In this picture taken on September 29, 2016 commuters wait for a bus during the morning rush hour in Pyongyang. / AFP PHOTO / Ed Jones In this picture taken on September 29, 2016 commuters wait for a bus during the morning rush hour in Pyongyang. / AFP PHOTO / Ed Jones

One of the ways the AFP team gets around in North Korea is to work with NGOs, “often going to places that are normally difficult for journalists to get to”. A case in point is that they were able to cover the floods in North Hamgyong province, where some 140 people were killed and 35,000 homes destroyed, by being part of an NGO team. “It enabled us to get some great footage,” he said.

Everything produced by AFP in North Korea will be edited by AFP people, mainly at the  regional headquarters in Hong Kong. “There is no difference from anywhere else in the region where we have people taking photos or videos or writing stories. They send their material to Hong Kong, and it will be exactly the same for North Korean stories.”

As in other countries where AFP operates there is official monitoring. “But monitoring is not a problem. It would be a problem if we were censored. The big issue for us is to go there and to report or shoot what we see… and this job won’t be much different than the one we do in
other countries where it is difficult to work.”

Once a story is finished and on the “wires” that might be another story. “So far we have had no negative feedback from government officials,” Massonnet said. “We will see where the limits are of what is possible to do and what is not. If we think it is worth doing and reporting about, then we will do it. It may be difficult sometimes, but that doesn’t prevent us from working and getting good material.”

Apart from a few big occasions such as mass rallies and big celebrations, foreign media don’t report from North Korea very often. “So we have a very rare opportunity to be there every month and to deliver content to our Asian clients who have big expectations about our North Korea coverage.”

Portraits of former North Korean leaders Kim Il-Sung and Kim Jong-Il are displayed on buildings of the Pyongyang skyline on July 27, 2013. North Korea mounted its largest ever military parade to mark the 60th anniversary of the armistice that ended fighting in the Korean War, displaying its long-range missiles at a ceremony presided over by leader Kim Jong-Un. AFP PHOTO / Ed Jones / AFP PHOTO / Ed Jones Portraits of former North Korean leaders Kim Il-Sung and Kim Jong-Il are displayed on buildings of the Pyongyang skyline on July 27, 2013.  AFP PHOTO / Ed Jones / AFP PHOTO / Ed Jones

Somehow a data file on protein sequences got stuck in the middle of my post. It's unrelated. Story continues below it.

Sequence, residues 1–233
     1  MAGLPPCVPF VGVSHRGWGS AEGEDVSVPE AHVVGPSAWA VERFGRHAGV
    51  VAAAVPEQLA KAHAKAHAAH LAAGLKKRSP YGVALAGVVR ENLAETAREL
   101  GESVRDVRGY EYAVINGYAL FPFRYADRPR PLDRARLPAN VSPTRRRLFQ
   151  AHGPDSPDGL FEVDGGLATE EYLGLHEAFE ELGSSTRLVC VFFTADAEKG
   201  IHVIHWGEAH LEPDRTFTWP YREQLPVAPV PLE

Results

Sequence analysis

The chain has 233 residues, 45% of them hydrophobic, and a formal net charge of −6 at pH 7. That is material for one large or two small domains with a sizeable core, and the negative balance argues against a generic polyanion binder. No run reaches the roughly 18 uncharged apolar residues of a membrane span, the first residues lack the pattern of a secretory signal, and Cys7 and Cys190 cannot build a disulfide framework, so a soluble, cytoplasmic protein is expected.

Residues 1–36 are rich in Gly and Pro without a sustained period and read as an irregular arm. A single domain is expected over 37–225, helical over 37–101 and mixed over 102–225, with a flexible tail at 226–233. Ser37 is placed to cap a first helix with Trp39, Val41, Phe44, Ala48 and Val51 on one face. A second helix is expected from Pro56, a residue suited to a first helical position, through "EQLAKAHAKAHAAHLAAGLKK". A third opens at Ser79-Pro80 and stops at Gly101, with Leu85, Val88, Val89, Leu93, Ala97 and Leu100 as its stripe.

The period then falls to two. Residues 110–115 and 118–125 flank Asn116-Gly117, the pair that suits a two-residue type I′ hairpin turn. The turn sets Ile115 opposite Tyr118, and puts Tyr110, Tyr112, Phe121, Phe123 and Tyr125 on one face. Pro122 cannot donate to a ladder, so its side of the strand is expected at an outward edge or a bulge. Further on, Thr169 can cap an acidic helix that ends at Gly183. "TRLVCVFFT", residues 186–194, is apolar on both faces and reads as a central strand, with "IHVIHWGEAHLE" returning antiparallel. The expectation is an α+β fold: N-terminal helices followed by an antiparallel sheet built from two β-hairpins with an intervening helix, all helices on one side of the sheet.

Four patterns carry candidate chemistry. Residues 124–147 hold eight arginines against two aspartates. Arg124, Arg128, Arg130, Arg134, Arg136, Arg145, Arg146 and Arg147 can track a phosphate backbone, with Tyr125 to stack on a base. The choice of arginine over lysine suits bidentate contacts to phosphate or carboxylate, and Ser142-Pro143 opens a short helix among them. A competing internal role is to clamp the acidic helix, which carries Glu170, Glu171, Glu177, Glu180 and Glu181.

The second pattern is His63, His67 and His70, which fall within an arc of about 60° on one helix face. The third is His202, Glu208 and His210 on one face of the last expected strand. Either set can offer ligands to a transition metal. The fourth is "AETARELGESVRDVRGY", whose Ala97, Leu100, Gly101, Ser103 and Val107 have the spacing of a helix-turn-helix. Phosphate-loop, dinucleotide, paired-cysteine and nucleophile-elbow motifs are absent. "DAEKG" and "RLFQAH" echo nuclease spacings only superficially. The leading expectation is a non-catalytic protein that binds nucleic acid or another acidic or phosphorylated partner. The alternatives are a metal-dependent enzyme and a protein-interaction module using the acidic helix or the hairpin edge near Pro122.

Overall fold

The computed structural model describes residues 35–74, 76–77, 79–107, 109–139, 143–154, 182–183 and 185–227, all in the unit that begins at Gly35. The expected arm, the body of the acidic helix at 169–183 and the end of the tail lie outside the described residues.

Massonnet likened the Pyongyang experience with Beijing in the 70s and 80s when correspondents had no official contacts or news sources and had to rely on what they saw in the streets as reporting beyond the city was all but impossible. However, when the big story came – China opening up – the resident bureaux could move fast.

“It makes sense to be in Pyongyang, not only because we don’t have much competition from the few journalists who go there, but also there are some opportunities to make connections so that you are ready when the big story breaks,” he said.

Massonnet said that even today in China, how many sources are there within the Chinese Communist Party to cover real political stories? You are left with the economic stories and speculation.

“The opening of an AFP bureau in Pyongyang will further strengthen the agency’s international network,” said the AFP chief executive, Emmanuel Hoog at the opening ceremony. “AFP’s role is to be present everywhere in the world in order to fulfil its news mission as completely as possible, in particular through images.”

AFP – which is a public company but governed by a board of representatives from French news organisations and the government – has 200 bureaux across 150 countries.